The objective of this study was to evaluate the effect of methanol extract of the fruits of Morinda citrifolia Linn., on osteoporosis induced by ovariectomy in female albino rats at two different dose levels of 500 and 750 mg/kg/day. Healthy female albino rats in the age group of 90 days were selected and randomized into five groups of six animals each. Group 1 was sham operated and served as control while all the remaining groups were ovariectomized. Group 2 was fed with an equivolume of saline and served as ovariectomized control. Group 3 was orally treated with standard Raloxifene (5.4 mg kg-1) whereas the methanol extract of Morinda citrifolia (500 and 750 mg kg-1) was administered to the groups 4 and 5. The findings assessed on the basis of biomechanical, biochemical and histopathological parameters, showed that the methanol extract significantly reduced bone loss, as evidenced by a reduction in Tartrate Resistant Acid Phosphatase (TRAP) and urine Hydroxyproline (Hp) levels while simultaneously increasing bone formation [high serum Alkaline Phosphatase (ALP) levels], thereby restoring bone mineralization. The restoration of bone strength was confirmed by biomechanical parameters viz., the three point bending of tibia, load testing of femoral head and compression of IV lumbar vertebra and it was further endorsed by histopathological findings i.e., bone microarchitecture. The extract significantly increased the osteoblastic activity on one hand while on the other it retarded the osteoclastic function thereby contributing to a positive bone balance and hence enhanced mineralization.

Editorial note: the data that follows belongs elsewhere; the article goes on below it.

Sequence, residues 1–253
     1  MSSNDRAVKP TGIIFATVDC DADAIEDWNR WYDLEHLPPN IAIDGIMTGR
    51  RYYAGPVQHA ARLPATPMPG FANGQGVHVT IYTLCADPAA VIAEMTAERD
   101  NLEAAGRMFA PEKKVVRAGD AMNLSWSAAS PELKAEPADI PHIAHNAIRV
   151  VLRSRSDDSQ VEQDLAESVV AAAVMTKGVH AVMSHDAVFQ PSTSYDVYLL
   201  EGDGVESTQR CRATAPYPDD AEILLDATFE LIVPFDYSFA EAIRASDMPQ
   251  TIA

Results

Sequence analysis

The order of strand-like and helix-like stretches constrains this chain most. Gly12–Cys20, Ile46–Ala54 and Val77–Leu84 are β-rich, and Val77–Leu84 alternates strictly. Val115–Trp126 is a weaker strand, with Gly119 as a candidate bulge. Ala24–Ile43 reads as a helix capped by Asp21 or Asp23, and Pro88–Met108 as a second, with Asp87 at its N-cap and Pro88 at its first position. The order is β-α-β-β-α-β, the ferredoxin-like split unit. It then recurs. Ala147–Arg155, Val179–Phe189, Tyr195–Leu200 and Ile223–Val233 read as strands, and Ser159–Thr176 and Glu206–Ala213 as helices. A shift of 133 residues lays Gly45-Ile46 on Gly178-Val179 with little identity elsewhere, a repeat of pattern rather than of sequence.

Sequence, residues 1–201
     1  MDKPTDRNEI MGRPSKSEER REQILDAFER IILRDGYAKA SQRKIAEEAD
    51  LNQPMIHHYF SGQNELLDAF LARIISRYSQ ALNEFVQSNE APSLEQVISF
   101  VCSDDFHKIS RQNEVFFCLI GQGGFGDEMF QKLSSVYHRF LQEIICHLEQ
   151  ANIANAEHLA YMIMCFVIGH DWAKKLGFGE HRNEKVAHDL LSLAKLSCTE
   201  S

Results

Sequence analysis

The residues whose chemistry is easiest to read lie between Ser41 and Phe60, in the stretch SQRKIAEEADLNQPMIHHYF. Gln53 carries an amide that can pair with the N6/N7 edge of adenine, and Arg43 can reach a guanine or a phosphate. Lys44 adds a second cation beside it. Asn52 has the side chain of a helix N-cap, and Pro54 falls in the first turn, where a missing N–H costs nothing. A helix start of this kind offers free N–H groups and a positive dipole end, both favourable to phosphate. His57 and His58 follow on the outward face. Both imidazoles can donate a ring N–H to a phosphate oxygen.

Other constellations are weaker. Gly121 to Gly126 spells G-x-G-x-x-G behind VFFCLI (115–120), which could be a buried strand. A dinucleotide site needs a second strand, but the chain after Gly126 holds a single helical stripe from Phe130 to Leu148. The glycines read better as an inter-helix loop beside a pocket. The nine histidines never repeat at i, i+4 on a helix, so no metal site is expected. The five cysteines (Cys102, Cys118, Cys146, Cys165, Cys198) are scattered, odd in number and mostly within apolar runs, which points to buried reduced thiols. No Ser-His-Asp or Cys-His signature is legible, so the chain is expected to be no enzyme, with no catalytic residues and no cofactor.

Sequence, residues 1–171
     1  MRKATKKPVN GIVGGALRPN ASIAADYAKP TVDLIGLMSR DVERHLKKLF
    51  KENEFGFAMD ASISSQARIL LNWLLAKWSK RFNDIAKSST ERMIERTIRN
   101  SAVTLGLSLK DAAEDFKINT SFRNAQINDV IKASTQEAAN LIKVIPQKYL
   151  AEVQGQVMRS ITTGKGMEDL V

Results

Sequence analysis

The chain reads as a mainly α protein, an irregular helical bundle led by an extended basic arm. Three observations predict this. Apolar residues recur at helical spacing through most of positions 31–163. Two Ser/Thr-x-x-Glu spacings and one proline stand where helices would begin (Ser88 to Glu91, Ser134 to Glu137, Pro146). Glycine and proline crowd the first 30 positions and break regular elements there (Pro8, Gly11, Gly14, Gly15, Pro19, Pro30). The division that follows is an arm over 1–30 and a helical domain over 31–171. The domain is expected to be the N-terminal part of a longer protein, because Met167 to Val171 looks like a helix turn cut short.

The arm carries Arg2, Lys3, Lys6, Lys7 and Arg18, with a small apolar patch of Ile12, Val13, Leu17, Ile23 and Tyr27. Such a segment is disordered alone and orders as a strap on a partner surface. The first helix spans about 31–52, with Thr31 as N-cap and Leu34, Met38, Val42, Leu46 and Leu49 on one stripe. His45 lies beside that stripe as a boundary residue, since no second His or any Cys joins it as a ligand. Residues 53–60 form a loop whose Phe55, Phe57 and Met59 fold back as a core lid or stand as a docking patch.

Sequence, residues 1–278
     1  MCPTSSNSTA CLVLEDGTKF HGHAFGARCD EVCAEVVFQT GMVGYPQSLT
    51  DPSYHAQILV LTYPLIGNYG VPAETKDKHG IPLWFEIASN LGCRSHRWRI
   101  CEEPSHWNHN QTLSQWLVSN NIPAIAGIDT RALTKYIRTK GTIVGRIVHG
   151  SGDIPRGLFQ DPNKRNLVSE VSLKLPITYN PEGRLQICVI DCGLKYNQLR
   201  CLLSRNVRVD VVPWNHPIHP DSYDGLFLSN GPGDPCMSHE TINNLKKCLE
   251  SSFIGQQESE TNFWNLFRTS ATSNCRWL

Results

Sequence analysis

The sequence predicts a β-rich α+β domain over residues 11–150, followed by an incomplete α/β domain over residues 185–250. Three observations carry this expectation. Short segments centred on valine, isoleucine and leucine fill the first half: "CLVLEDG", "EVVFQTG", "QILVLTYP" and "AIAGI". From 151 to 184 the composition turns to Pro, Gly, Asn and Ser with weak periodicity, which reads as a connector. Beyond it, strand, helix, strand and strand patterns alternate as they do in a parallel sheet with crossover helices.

M. A. S. Jewel , M. A. Affan and S. Khan